Hilly History, Family Crest & Coats of Arms
The name Hilly reached England in the great wave of migration following the Norman Conquest of 1066. The Hilly family lived near or on a hill. Hilly, which was extremely popular and widely distributed in England, is a classic example of an English polygenetic surname, which is a surname that was developed in a number of different locations and adopted by various families independently. The name was originally derived from the Old English hyll, which simply meant hill or dweller by the hill. 
Early Origins of the Hilly family
The surname Hilly was first found in Worcestershire, where one line is descended from the De Montes of Castlemorton in Worcestershire. The manor of Hillend in Castlemorton, Worcester was likely built on land held by Odo de Monte, or Hill, in 1238-9. Richard Hill of Castlemorton is mentioned in 1383 and John Hill of Castlemorton in 1408-9. John Hill died about 1623 holding a "messuage" at Hillend, which then passed to his son Thomas. 
Other early records of the name include Gilbert del Hill, who was listed in the Pipe Rolls for Norfolk in 1191; William "attehil" (literally at the hill,) who was listed in 1260 in the Assize Rolls of Cornwall, and Simon Hille who was listed in the Rotuli Hundredorum for Worcestershire of 1273. 
Again in Cornwall, "the rectory of St. Keverne, which had been appropriated to the priory of Beaulieu in Hampshire, was afterward for many years in the family of Hill. About the middle of the last century, the great tithes were sold by this family to the occupiers of the several estates, for a term of 999 years." 
Scotland was another ancient homeland for the family. In this case, the first record was William de la Hyll, son of Waldeve son of Aldewyn, who resigned lands in Mydilham in 1271. William o' the Hill rendered homage to King Edward I of England in 1296 and in 1321 William de le Hille was received to the king of England's peace." It was Richard de Hulle (Hill), 'a varlette of Scotland,' who 'stikked and killed' Catarine Mortimer, 'a damoisel of London,' one of the inmates of the harem of David II in 1360." 
Early History of the Hilly family
This web page shows only a small excerpt of our Hilly research. Another 138 words (10 lines of text) covering the years 1484, 1484, 1549, 1601, 1602, 1271, 1597, 1727, 1589, 1657, 1628, 1629, 1605, 1667, 1672, 1699, 1692, 1695, 1694, 1734, 1735, 1685, 1750, 1736, 1749, 1711, 1663, 1797 and are included under the topic Early Hilly History in all our PDF Extended History products and printed products wherever possible.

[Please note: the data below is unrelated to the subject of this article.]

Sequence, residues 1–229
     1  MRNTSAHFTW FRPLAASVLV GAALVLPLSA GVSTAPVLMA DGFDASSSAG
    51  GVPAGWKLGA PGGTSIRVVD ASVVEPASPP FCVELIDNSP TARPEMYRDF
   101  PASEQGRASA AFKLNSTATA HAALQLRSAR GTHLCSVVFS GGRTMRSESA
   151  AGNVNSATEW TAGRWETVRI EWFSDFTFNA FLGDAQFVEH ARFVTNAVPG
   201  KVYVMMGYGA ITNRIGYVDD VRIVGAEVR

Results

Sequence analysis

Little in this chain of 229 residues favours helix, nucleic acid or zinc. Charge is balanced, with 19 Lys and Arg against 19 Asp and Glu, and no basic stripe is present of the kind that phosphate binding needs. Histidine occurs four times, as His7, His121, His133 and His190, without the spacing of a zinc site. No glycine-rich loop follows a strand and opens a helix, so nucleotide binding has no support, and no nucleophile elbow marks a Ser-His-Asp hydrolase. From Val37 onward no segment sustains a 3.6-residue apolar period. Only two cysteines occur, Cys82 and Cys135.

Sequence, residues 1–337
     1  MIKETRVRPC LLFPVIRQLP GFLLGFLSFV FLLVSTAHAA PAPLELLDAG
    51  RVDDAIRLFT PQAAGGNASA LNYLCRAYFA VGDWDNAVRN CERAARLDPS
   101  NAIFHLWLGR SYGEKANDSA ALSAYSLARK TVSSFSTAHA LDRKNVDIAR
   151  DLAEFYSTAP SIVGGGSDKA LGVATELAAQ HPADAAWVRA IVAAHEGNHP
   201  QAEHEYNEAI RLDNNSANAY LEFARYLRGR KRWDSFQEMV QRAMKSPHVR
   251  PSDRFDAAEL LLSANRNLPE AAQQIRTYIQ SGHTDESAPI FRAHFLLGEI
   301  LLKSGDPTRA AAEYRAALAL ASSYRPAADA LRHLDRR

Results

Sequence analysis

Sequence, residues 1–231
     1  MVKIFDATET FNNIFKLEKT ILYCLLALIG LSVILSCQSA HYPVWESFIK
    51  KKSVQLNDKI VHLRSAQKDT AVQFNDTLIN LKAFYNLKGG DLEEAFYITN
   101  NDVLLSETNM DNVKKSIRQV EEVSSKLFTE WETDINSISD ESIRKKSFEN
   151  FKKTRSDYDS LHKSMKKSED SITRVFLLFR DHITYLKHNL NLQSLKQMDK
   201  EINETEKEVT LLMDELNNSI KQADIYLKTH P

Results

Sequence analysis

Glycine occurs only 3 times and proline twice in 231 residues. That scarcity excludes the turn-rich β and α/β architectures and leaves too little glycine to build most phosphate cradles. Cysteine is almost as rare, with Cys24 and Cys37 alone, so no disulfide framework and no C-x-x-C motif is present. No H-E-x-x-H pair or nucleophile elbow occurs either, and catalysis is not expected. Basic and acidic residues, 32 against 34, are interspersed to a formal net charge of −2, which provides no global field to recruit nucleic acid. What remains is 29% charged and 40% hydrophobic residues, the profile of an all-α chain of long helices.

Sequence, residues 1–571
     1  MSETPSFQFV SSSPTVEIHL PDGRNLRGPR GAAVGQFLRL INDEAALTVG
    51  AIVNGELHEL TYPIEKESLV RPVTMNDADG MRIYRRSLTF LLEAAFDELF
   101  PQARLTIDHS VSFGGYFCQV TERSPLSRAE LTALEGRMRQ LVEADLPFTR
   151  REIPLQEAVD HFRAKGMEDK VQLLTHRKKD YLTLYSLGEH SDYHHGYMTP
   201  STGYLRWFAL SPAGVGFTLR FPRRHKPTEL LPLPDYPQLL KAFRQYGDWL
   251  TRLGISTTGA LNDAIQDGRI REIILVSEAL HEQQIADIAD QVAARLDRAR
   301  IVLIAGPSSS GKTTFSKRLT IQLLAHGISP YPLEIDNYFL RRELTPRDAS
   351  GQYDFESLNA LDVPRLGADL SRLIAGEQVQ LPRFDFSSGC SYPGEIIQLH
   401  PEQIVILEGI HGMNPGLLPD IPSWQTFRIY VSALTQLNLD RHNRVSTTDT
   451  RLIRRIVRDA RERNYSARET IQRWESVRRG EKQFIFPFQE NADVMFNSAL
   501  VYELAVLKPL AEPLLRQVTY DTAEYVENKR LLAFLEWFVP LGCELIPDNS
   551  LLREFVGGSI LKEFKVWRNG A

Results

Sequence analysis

Hilly Spelling Variations
Before the advent of the printing press and the first dictionaries, the English language was not standardized. Sound was what guided spelling in the Middle Ages, so one person's name was often recorded under several variations during a single lifetime. Spelling variations were common, even among the names of the most literate people. Known variations of the Hilly family name include Hill, Hille, Hyll, Hills and others.
Early Notables of the Hilly family (pre 1700)
Distinguished members of the family include John Hill (1589-1657), an English merchant and politician, Member of Parliament for Dorchester (1628-1629); Roger Hill (1605-1667), of Poundsford, Somerset, an English judge and Member of Parliament; Michael Hill (1672-1699), an English politician, Member of Parliament for Saltash (1692-1695), appointed to the Privy Council of Ireland in 1694; James Hill (died 1734), an English master mason in Cheltenham...
Another 64 words (5 lines of text) are included under the topic Early Hilly Notables in all our PDF Extended History products and printed products wherever possible.
Migration of the Hilly family to Ireland
Some of the Hilly family moved to Ireland, but this topic is not covered in this excerpt.
Another 81 words (6 lines of text) about their life in Ireland is included in all our PDF Extended History products and printed products wherever possible.
Migration of the Hilly family
To escape the political and religious chaos of this era, thousands of English families began to migrate to the New World in search of land and freedom from religious and political persecution. The passage was expensive and the ships were dark, crowded, and unsafe; however, those who made the voyage safely were encountered opportunities that were not available to them in their homeland. Many of the families that reached the New World at this time went on to make important contributions to the emerging nations of the United States and Canada. Research into various historical records has revealed some of first members of the Hilly family to immigrate North America: Edward Hill, who settled in Virginia in 1623; Joan Hill, who immigrated to St. Christopher in 1635; Henry Hill, who came to Bermuda in 1635; John Hill, who settled in Barbados in 1654.
The motto was originally a war cry or slogan. Mottoes first began to be shown with arms in the 14th and 15th centuries, but were not in general use until the 17th century. Thus the oldest coats of arms generally do not include a motto. Mottoes seldom form part of the grant of arms: Under most heraldic authorities, a motto is an optional component of the coat of arms, and can be added to or changed at will; many families have chosen not to display a motto.
Motto Translation: Advance.
- ^ Reaney, P.H and R.M. Wilson, A Dictionary of English Surnames. London: Routledge, 1991. Print. (ISBN 0-415-05737-X)
- ^ Bardsley, C.W, A Dictionary of English and Welsh Surnames: With Special American Instances. Wiltshire: Heraldry Today, 1901. Print. (ISBN 0-900455-44-6)
- ^ Hutchins, Fortescue, The History of Cornwall, from the Earliest Records and Traditions to the Present Time. London: William Penaluna, 1824. Print
- ^ Black, George F., The Surnames of Scotland Their Origin, Meaning and History. New York: New York Public Library, 1946. Print. (ISBN 0-87104-172-3)